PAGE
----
Innocence Block


When I began quilting, I couldn’t imagine making more than one quilt at a time. I couldn’t imagine making one of a kind quilts for myself. I’ve made many quilts over the years but very few have been one of a kind. My current favorite quilt pattern is a quilting variation of a traditional block called an ‘Innocence’ block. I have several in my collection. I like them because they are a modern, abstract interpretation of the block. In addition to this quilt, I have two others in the making, one is also a variation of the Innocence block. They are a joy to sew and I enjoy seeing them come together.

Innocence Block

My first Innocence Block

I’ve made several Innocence Blocks but the one shown in the pictures above is my first. It is one of my favorites. The reason I love it so much is because I used the exact same fabric for the entire top. I like the simplicity of this quilt.

The pattern is from the Quilter’s Treasures book from C&T Publishing.

To make this quilt, you must cut the fabric squares from the pattern and sew together using a simple block. There are many possibilities for the size, orientation and design. It’s the perfect quilting pattern to learn the art of quilting with. If you have more Innocence blocks in your collection, share them with the world.

I don’t use a pattern for my quilts. Instead, I design my quilts after the block. I’ll have ideas floating around in my head about what I want the quilt to look like. Then, I’ll start sketching it out with paper. I like to start with the blocks I’ve already made. In my sketching phase, I’ll sketch the block as it’s oriented on my design wall and decide where to place the blocks, if the blocks need to be inverted or rotated.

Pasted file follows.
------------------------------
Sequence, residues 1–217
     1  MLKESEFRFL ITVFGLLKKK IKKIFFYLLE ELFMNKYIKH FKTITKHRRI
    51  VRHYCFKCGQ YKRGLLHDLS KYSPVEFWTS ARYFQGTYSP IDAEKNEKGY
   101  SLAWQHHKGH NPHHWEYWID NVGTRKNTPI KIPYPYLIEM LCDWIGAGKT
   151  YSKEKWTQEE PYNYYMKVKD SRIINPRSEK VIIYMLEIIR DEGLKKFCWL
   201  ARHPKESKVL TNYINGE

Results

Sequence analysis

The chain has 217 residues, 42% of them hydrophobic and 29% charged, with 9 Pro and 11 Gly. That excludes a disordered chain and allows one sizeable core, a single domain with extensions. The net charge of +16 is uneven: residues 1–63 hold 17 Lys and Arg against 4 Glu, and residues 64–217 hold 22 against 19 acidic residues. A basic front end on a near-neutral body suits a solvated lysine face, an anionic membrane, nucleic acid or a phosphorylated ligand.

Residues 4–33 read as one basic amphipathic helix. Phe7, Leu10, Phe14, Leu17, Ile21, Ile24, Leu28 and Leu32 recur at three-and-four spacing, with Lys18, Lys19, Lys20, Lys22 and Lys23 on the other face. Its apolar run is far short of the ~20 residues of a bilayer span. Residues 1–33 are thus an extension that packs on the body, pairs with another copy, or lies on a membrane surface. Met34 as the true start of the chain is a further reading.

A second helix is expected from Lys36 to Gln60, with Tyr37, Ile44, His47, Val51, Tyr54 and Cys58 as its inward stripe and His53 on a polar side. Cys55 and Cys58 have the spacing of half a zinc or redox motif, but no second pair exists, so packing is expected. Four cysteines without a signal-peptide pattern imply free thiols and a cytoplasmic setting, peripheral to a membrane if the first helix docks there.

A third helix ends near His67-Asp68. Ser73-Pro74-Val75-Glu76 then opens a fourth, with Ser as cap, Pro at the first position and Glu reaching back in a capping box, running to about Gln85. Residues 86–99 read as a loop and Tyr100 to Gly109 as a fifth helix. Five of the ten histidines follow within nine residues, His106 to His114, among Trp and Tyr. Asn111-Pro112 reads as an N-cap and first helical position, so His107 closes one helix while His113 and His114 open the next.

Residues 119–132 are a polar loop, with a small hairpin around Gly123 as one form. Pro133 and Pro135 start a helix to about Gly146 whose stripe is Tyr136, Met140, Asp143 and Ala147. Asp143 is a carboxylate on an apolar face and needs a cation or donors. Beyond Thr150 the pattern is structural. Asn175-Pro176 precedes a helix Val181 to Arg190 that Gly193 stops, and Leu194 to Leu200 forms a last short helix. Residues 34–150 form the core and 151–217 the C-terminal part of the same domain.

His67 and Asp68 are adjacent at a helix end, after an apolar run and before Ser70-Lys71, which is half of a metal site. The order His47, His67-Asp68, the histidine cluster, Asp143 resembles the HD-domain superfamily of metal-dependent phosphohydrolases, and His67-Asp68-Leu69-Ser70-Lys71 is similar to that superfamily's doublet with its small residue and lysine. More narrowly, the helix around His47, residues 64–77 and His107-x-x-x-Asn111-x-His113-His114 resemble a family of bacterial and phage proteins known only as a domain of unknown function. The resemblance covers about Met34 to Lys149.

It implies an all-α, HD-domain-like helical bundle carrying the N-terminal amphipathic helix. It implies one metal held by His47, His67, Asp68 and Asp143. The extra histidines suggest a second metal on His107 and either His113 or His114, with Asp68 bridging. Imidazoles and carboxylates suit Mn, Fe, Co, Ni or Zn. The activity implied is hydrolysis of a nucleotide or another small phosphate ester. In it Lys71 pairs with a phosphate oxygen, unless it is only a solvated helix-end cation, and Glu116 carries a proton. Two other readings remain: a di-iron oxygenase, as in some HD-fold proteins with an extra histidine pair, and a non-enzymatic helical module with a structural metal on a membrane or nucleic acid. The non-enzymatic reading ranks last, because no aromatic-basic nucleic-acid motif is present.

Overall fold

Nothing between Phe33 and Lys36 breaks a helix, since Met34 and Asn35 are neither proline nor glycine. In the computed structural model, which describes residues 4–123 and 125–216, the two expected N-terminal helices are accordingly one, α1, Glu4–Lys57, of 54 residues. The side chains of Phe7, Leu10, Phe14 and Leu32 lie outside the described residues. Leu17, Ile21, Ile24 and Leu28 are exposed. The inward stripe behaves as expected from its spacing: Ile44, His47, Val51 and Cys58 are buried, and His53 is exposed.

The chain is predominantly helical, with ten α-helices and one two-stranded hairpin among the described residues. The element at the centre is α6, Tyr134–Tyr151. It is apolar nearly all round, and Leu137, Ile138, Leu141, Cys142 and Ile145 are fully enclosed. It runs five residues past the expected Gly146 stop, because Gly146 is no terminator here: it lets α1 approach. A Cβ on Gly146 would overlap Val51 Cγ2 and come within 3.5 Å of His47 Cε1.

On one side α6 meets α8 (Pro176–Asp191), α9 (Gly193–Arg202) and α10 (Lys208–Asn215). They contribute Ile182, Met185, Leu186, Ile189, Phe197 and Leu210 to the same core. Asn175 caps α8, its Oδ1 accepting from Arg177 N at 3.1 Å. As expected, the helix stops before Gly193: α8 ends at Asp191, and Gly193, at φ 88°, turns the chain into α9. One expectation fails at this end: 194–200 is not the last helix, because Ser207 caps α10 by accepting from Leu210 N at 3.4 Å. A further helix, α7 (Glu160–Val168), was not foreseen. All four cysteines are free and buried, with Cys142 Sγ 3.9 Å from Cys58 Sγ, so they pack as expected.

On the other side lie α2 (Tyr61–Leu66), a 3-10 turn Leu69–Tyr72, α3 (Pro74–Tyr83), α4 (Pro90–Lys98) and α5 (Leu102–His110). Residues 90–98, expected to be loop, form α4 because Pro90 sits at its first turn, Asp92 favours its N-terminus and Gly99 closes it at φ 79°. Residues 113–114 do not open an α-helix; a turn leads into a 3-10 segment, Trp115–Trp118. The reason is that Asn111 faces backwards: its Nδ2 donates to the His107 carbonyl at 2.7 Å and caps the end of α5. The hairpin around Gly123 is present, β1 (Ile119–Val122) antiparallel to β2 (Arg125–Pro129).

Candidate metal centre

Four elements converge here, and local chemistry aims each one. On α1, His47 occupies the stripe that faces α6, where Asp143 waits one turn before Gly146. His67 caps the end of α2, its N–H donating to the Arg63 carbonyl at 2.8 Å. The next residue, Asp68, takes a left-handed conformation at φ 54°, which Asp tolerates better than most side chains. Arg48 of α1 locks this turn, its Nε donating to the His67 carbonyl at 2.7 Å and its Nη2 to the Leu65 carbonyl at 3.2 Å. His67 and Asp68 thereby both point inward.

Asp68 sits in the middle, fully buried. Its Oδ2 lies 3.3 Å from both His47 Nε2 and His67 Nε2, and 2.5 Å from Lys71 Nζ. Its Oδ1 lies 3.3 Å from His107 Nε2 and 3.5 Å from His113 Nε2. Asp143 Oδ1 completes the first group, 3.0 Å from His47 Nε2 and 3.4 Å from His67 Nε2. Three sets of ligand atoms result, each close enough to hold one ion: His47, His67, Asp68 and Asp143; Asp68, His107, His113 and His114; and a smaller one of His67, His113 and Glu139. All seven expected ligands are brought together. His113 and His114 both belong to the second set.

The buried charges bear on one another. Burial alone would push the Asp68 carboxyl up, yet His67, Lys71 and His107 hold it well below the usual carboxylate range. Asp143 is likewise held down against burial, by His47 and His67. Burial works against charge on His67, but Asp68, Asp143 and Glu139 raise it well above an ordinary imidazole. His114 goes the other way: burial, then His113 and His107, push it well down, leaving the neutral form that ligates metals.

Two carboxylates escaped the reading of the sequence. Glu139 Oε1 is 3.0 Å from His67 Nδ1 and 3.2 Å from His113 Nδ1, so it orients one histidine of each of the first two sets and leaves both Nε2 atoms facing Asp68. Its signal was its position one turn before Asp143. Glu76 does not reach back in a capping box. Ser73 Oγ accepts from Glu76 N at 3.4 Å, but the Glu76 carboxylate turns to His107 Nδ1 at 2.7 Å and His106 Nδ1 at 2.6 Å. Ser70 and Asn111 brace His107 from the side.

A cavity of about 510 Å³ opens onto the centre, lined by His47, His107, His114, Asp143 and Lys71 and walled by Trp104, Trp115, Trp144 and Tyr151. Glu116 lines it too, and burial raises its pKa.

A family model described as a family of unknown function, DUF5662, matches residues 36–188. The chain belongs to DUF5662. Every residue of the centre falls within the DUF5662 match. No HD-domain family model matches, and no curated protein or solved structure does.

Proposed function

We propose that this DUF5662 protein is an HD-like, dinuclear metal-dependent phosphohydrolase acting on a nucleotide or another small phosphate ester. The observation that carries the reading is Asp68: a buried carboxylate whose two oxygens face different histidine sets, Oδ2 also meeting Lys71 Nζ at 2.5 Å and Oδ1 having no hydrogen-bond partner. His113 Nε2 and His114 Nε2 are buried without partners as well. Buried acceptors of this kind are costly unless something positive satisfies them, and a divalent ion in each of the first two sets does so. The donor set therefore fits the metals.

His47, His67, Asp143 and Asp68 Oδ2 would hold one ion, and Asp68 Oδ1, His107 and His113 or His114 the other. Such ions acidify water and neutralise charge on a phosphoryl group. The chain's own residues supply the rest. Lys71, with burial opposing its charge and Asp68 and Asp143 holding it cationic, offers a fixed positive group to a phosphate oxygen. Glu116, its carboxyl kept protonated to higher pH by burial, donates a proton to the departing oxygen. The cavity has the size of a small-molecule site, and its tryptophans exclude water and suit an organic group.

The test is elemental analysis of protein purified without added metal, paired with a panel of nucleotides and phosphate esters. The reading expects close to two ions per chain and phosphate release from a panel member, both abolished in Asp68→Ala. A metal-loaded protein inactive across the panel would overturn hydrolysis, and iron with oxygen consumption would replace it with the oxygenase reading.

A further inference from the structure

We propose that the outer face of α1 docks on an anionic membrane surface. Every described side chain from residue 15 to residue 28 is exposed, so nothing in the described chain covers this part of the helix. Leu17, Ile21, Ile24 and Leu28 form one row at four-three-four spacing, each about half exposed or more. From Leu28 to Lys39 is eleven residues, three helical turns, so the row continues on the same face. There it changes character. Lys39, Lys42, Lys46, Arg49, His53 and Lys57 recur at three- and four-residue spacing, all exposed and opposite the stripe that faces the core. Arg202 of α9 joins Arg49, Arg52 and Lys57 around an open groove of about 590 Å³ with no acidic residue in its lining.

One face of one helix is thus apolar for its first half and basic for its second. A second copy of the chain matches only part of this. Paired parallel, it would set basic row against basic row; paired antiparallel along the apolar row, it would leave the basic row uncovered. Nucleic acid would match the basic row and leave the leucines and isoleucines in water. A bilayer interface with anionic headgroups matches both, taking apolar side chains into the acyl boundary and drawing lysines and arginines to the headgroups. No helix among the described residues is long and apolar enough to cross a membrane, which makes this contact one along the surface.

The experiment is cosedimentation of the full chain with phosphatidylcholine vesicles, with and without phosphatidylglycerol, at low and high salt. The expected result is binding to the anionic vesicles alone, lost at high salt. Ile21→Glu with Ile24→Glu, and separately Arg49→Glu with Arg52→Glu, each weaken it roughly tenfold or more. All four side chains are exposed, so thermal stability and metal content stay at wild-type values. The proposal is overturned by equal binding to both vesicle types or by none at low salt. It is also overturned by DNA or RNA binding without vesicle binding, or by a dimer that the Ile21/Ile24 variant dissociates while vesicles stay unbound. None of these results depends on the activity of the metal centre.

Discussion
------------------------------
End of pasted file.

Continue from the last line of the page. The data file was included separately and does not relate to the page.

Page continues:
In my sketching phase, I usually make a large copy of my design on a piece of paper. I then draw around the block using the paper as a guide.

When I’m happy with my sketch, I mark the center of the block and make a list of all the fabric that I’ll use in my top. I also make a list of the colors and fabrics for the blocks to the left and right of the center.

My finished Innocence Block

When I make my first block, I always cut the fabrics so that I have a minimum of waste. I find it very satisfying to sew one square at a time and have it come together perfectly without cutting or trimming.

Then, when I’m finished with one block, I’ll cut it to half or quarter size. I often use this method of cutting when I’m designing. This allows me to look at the block with fresh eyes. I’ll then sketch out the next block. I’ll continue making this way until I’m happy with the design.

In this Innocence block I used a mixture of solids and prints, it was quite easy to do. I started with the prints and added the solids as I added them. I really enjoy this style of quilting. The color range of my fabric is limited by the colors available from my stash. This Innocence block is a great design to sew and I’ll sew a few more of these before I move on to more complicated designs.

Sewing the block together

Innocence blocks are not a difficult pattern to sew. As I said, it’s a simple block that uses just a few fabric selections. Most blocks use a similar number of fabrics.

For this quilt, I used a fabric called ‘Nora’ by Moda. It’s an interesting fabric and I really like the texture of it. I was happy with the fabric as it was. I had a nice range of colors and had just the right amount of prints and solids. I added some green, orange and purple solids but not a lot. I wanted to keep the color balance neutral.

The blocks look like this when they’re sewn together.

I chose to quilt my quilt top in a vertical strip design. If I’d made this quilt with a horizontal design, it would have looked like a ‘wall hanging’. I don’t like ‘wall hanging’ designs in my quilts, so I prefer to quilt the top in the opposite direction. I prefer to have a more modern, geometric look to my quilts, and vertical designs fit better with the modern trend in quilting.

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